Fiction Swimming Home Omnivore

Published on October 17th, 2011


Swimming Home by Deborah Levy

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Blurb: Swimming Home is a subversive page-turner, a merciless gaze at the insidious harm that depression can have on apparently stable, well-turned-out people. Set in a summer villa, the story is tautly structured, taking place over a single week in which a group of beautiful, flawed tourists in the French Riviera come loose at the seams. (And Other Stories)

Julia Pascal, The Independent

Her touch is gentle, often funny and always acute. The prose style is spare and fresh … Swimming Home reminded me of Virginia Woolf’s Mrs Dalloway.Although a short work, it has an epic quality. This is a prizewinner.

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Abigail Deutsch, Times Literary Supplement

… minuscule yet magisterial … Levy’s cinematic clarity and momentum – which recall her earlier fiction, and particularly her work for the stage – convey confusion with remarkable lucidity.

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Ron Charles, The Washington Post

Without adhering to any Freudian schematic, the author toys with classic symbols, ironic one moment, murderous the next. From that gorgeous pool that serves as cradle and grave, she moves on to guns and severed tails, bee stings and stabbing pens, rocks with holes in them, a slimy sea creature that attracts and revolts, and enough variations on the Electra complex to electrify the libido of any 19th-century psychoanalyst. It’s witty right up until it’s unbearably sad.

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Philip Womack, The Daily Telegraph

Anyone who’s been on a villa holiday will recognise the tensions that permeate Levy’s stealthily devastating book. Sex and violence are never far from the surface. Levy is a keenly attentive writer, alive to the hyperreal nature of things, her prose achieving a hallucinatory quality as things seem to float out of the characters’ minds and into the text … an intelligent, pulsating literary beast.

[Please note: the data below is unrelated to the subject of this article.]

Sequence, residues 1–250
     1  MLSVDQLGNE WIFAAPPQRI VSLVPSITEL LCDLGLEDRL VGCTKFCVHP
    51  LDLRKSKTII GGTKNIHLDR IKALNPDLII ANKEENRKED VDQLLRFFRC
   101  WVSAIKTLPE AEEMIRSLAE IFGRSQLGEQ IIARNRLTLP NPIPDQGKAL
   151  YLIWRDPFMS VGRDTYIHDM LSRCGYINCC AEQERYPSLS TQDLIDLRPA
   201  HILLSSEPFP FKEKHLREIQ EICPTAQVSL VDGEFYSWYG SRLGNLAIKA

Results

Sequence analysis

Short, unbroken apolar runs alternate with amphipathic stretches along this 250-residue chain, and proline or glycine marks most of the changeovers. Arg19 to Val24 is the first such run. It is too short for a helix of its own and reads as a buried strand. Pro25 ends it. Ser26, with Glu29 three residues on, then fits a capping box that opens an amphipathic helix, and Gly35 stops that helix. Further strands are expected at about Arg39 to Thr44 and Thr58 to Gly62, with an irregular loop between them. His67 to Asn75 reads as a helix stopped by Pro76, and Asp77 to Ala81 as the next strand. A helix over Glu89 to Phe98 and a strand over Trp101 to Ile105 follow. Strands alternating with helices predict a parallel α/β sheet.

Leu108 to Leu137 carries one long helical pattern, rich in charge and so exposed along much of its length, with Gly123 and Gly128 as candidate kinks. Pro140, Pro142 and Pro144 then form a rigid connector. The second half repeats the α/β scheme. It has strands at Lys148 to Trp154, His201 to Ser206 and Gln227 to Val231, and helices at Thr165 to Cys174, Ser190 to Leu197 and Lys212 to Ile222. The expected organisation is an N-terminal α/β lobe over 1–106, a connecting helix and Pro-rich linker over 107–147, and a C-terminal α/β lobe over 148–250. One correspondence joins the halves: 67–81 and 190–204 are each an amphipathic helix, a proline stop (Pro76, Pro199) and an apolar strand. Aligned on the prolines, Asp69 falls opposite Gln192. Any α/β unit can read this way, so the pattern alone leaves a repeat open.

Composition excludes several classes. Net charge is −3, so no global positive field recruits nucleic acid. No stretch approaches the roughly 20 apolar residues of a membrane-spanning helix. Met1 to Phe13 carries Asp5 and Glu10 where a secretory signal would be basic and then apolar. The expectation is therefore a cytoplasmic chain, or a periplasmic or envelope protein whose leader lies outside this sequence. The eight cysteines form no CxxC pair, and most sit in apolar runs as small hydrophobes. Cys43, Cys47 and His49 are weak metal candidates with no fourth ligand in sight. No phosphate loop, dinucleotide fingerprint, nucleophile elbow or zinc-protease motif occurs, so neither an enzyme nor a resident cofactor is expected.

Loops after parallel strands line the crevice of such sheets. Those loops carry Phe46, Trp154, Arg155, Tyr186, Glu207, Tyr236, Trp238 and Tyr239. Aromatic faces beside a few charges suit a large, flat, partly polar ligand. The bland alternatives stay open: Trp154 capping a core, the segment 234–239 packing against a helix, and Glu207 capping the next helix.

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Kate Saunders, The Times

The plot is outwardly conventional, but Levy’s writing makes the story disturbing and truthful.

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Christina Petrie, The Sunday Times

Witty and poignant, Swimming Home’s 165 pages melt away like an unsettling yet familiar dream. In a visual echo of Françoise Sagan’s Bonjour Tristesse (one of many glimpses of 20th-century fiction and film), 14-year-old Nina Jacobs observes her father Joe falling for the sunburnt redhead Kitty. Nina has been Joe’s companion in the absence of her mother, a war reporter. The deadpan friendship between father and daughter is one of the strengths of what is, among other things, a coming-of-age novel. 

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John Self, The Guardian

The book itself seems always to be on the brink of chaos: someone goes missing, plot lines are subverted and it ends with a shock.

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Sammy Jay, Literary Review

Much of Levy’s narrative feels dazed by the heat, and we drift from one sundrenched perspective to another. But as the reader is drawn beneath the placid surface of her characters’ experiences, Levy reveals a more urgent world humming with symbols of emotional damage.

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